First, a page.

When Alice finds the email requesting the anonymous marriage survey in her inbox, she is curious. She checks it out and meets Researcher 101, the researcher assigned to her case specifically. He sends her a few questions at a time and she answers them - also emailing Researcher 101 quite often, revealing more information than necessary and asking questions of him as well. It starts innocently enough - Alice just wants to revise or add information to some of her survey answers - and Researcher 101 always responds with kind, reassuring words. Before too long, they have built up an online
friendship relationship. Alice knows she has taken it too far, but she isn't sure she wants to stop.
OH! I wanted to reach thru my Kindle and shake Alice Buckle, you guys! Alice KNEW what she was doing! She knew better than to divulge certain types of information to an anonymous researcher in an anonymous survey! But the researcher didn't exactly call this behavior off either...so as I was reading, I was holding my breath - wondering if the family was going to fall apart or not.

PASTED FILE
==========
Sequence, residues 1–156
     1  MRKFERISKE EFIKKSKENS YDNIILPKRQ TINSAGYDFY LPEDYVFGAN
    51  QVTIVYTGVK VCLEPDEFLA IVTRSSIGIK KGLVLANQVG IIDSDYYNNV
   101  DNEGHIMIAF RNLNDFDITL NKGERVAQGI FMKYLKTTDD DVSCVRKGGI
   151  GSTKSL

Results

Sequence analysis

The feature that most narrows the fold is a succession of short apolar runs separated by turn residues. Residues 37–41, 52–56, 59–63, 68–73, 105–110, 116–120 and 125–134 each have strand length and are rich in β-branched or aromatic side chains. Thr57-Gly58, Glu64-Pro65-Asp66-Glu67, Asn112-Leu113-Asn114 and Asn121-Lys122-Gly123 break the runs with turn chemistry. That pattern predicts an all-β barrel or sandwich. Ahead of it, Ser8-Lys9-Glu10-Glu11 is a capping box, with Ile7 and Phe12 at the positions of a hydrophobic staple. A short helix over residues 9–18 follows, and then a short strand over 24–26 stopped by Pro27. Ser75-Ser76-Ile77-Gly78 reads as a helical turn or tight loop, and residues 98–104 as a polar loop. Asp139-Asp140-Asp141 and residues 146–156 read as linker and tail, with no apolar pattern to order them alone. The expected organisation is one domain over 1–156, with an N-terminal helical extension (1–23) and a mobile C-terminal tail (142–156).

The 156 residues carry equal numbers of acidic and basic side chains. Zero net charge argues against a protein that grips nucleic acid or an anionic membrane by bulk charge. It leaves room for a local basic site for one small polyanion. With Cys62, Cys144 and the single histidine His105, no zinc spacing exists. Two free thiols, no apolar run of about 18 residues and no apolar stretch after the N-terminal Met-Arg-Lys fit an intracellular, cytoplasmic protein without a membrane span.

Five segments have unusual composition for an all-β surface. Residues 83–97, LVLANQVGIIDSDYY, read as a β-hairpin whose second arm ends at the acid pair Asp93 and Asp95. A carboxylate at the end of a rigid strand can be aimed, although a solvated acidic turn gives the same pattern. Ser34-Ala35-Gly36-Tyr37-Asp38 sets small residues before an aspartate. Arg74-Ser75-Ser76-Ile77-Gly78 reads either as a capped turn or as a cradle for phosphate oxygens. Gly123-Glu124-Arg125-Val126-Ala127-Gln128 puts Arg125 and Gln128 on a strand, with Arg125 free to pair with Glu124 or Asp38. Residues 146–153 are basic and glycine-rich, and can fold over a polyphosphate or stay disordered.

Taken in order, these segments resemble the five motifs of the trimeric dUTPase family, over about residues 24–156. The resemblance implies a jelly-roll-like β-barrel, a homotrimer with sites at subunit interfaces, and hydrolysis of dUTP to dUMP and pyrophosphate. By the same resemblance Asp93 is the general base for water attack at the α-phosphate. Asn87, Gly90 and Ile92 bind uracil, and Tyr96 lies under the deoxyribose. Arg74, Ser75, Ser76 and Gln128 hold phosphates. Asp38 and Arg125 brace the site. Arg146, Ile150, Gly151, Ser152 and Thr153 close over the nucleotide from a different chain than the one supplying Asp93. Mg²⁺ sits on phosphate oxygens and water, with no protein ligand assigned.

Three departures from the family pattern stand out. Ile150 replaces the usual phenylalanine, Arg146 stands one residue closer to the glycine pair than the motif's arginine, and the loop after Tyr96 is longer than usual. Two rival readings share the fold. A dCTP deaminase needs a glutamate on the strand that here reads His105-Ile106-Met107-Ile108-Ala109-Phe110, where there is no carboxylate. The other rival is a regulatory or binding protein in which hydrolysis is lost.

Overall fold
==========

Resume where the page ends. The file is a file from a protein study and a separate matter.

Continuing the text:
A few random Wife 22 thoughts:
- Alice Buckle has a PROBLEM with Facebook! Anybody on Facebook as much as Alice Buckle has a problem with Facebook. Period. If you sneak away at a friend's house, into another room, to quickly log on and check your status and the status of your fake Facebook account, YOU HAVE A PROBLEM. I actually know people like this in real life!
- Alice Buckle's marriage is worth salvaging. Her husband, William, is great. Their relationship seems like it could be easily worked on and built back up. It just needed a nudge to get started on the process and it got one in a big way at the beginning of the book. Of course, Alice was very resistant to this, which was a little frustrating but made for a great plot that was fun and light and easy to read.
- Alice Buckle has great friends. The secondary cast is very supportive to Alice and William. They're diverse, funny, and much like real-life people we would all know. Alice also has great kids, much like teen/tween kids that we might have or know in real life. Great characterization in this book!